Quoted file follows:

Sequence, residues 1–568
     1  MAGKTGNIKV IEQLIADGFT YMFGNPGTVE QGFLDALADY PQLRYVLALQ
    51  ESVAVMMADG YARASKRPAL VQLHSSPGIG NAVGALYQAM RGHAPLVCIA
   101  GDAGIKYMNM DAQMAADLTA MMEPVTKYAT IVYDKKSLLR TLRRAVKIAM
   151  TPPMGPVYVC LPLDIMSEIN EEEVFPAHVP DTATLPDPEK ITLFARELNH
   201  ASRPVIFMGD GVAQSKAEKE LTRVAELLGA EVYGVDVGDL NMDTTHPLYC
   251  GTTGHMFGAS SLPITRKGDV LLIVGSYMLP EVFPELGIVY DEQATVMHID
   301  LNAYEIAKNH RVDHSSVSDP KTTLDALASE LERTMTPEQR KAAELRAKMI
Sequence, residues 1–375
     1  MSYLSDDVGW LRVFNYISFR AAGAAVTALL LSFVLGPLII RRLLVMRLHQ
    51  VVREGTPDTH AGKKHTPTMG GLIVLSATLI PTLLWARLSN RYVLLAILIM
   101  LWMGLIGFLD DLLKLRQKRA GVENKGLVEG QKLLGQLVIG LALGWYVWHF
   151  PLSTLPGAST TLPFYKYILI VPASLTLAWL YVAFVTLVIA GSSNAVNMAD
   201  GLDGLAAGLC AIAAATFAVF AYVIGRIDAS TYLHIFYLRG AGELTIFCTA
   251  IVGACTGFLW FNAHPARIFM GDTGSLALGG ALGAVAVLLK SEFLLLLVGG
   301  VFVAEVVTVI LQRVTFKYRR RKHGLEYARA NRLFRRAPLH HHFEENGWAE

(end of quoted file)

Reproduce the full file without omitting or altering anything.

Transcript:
Sequence, residues 1–568
     1  MAGKTGNIKV IEQLIADGFT YMFGNPGTVE QGFLDALADY PQLRYVLALQ
    51  ESVAVMMADG YARASKRPAL VQLHSSPGIG NAVGALYQAM RGHAPLVCIA
   101  GDAGIKYMNM DAQMAADLTA MMEPVTKYAT IVYDKKSLLR TLRRAVKIAM
   151  TPPMGPVYVC LPLDIMSEIN EEEVFPAHVP DTATLPDPEK ITLFARELNH
   201  ASRPVIFMGD GVAQSKAEKE LTRVAELLGA EVYGVDVGDL NMDTTHPLYC
   251  GTTGHMFGAS SLPITRKGDV LLIVGSYMLP EVFPELGIVY DEQATVMHID
   301  LNAYEIAKNH RVDHSSVSDP KTTLDALASE LERTMTPEQR KAAELRAKMI
Sequence, residues 1–375
     1  MSYLSDDVGW LRVFNYISFR AAGAAVTALL LSFVLGPLII RRLLVMRLHQ
    51  VVREGTPDTH AGKKHTPTMG GLIVLSATLI PTLLWARLSN RYVLLAILIM
   101  LWMGLIGFLD DLLKLRQKRA GVENKGLVEG QKLLGQLVIG LALGWYVWHF
   151  PLSTLPGAST TLPFYKYILI VPASLTLAWL YVAFVTLVIA GSSNAVNMAD
   201  GLDGLAAGLC AIAAATFAVF AYVIGRIDAS TYLHIFYLRG AGELTIFCTA
   251  IVGACTGFLW FNAHPARIFM GDTGSLALGG ALGAVAVLLK SEFLLLLVGG
   301  VFVAEVVTVI LQRVTFKYRR RKHGLEYARA NRLFRRAPLH HHFEENGWAE